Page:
He’s obviously a proud talented man, who has had a personal trauma in his life, the sort I wouldn’t wish on anyone.

I, for one, would rather put an arm around his shoulder and support him, as Pellegrini and City seem to be doing, than be so quick to judge and criticise.

Yaya Toure is one of the best footballers I’ve ever had the privilege to see and occasionally meet. I also sense that Yaya and Kolo are special people, just as I’m sure Ibrahim (his younger brother) was. Remember this when you jump to criticise, just because he’s a highly paid footballer doesn’t make him any less human than you or I.

Tags: , , , , , , , , , ,


About the Author



4 Responses to “Yaya Toure, my opinion” | Ian Cheeseman

  1. Tony Ford says:

    If my sibling were to die I’d get a few days off work on compassionate grounds, probably until the funeral and then I would be expected back at work. If I didn’t show up and perform to the best of my ability my continued employment would be in serious doubt. If I combined such shenanigans with a blatant attempt to get a significant pay rise by claiming some insignificant slight against me, just because my sales figures had been pretty good for the last nine months or so, I would be chased out of the building.

    Yaya has been an integral part of the success City have enjoyed since 2010/11 and at his best he can be devastating. Unfortunately, at times he can also be a passenger, not picking up runners and ambling around the pitch without making any kind of telling contribution, just as he did on Wednesday against Bayern. After the nonsense of this summer Yaya needed to make a strong start to the season. He hasn’t.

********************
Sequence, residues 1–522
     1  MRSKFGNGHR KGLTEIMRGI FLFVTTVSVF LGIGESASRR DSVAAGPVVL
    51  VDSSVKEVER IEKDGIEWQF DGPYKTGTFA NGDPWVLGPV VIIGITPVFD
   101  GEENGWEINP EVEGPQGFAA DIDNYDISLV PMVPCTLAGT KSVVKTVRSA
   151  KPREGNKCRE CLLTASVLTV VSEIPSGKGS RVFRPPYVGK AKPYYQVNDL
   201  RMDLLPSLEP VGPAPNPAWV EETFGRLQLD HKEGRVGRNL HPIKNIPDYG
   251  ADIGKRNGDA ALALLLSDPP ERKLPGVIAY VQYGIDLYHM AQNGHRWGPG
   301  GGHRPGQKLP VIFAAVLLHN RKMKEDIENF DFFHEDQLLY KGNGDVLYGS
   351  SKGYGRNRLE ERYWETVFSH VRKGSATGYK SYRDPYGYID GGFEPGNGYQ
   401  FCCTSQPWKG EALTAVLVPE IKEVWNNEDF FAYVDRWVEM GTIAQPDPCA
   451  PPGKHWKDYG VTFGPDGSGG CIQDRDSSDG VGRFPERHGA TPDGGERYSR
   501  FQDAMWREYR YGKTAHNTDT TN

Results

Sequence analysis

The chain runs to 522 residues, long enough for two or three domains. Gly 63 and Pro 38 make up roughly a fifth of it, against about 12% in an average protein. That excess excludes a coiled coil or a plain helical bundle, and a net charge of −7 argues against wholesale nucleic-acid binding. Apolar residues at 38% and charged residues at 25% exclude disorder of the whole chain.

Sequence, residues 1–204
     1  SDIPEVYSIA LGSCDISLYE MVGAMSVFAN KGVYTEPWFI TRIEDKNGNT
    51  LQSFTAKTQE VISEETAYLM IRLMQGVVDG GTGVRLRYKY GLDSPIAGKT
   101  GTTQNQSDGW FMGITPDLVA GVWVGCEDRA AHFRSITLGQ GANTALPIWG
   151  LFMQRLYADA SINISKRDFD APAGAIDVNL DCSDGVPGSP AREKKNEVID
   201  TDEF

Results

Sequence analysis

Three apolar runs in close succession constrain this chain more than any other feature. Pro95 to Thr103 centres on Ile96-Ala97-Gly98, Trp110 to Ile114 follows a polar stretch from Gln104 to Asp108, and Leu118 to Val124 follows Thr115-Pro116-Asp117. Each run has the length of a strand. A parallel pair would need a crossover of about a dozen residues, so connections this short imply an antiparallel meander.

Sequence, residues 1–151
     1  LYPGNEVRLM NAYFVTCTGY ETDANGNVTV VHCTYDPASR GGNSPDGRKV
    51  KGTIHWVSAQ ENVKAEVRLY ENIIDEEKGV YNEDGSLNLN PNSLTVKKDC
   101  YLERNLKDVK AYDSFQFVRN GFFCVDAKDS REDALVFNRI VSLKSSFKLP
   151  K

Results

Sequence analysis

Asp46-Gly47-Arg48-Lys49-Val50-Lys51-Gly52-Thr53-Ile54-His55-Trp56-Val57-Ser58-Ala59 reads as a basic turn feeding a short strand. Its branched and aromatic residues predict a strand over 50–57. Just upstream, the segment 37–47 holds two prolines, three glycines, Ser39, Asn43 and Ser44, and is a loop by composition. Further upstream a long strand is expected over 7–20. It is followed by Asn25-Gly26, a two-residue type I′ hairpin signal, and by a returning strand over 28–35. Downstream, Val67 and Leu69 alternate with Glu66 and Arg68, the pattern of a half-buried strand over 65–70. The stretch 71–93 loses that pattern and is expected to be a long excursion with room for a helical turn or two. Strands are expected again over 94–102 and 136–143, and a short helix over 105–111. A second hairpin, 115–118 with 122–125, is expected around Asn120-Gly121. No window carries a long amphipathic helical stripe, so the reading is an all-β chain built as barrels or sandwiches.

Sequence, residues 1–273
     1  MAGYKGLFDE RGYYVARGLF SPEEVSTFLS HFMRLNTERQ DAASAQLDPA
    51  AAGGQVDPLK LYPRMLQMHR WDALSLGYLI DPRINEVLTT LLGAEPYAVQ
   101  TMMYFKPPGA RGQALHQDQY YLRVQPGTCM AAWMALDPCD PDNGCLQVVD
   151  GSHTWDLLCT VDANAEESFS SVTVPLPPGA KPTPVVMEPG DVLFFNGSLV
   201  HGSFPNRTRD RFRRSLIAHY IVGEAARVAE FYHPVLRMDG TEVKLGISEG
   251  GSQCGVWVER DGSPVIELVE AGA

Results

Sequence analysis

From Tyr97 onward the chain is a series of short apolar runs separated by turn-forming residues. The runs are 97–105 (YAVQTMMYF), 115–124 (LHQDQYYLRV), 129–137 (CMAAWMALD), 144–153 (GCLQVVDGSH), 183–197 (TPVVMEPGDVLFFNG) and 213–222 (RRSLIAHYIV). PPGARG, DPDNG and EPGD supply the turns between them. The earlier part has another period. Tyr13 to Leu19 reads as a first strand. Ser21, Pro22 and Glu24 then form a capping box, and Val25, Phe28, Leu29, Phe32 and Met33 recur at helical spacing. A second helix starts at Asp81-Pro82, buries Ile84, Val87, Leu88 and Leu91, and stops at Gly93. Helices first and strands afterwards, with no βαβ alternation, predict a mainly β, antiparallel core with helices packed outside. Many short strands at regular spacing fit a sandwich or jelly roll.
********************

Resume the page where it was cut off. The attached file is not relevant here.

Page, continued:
To be honest, with his value probably as high as it will ever be and Toure marching in to his thirties, I think City would have been best to sell in the summer. Maybe they would have done but there were no takers. Whatever, with both Fernando & Fernandinho fit I’m not sure I’d pick Toure, especially not on current form.

  2. Brisbane Blue says:

    Well written Cheesy and your thoughts echo comments I made elsewhere a couple of days ago. I wonder how a post injury Colin Bell would have fared against the impatience of a modern day football crowd

  3. Bill Farley says:

    Well said Ian. Nobody is at their best all the time and YaYa obviously had a difficult summer. I live in Kentucky in the US, and we have two top college basketball teams, but it’s the same with them. I’m a huge City fan and YaYa is a difference maker. I’m willing to be patient.

  4. Bob Fasoli says:

    Ian, I agree with all you say. I lost my son some years back and I don’t think I would have done my job as well as I could for a little while. That is understandable. However what is not understandable is the Managers attitude.

    Ya Ya’s performance is obviously being affected and that is affecting the team. We are playing with 10 1/2 players. So MP should understand and rest Ya Ya until he has had time to get himself back together. Continuing to play him does not help him or the team.

    Ya Ya had an outstanding season last, but that was last. As a Manager you can’t live in the past. The team is his responsibility and playing Ya Ya at the moment is not for the best.

Leave a Reply

Your email address will not be published. Required fields are marked *


Back to Top ↑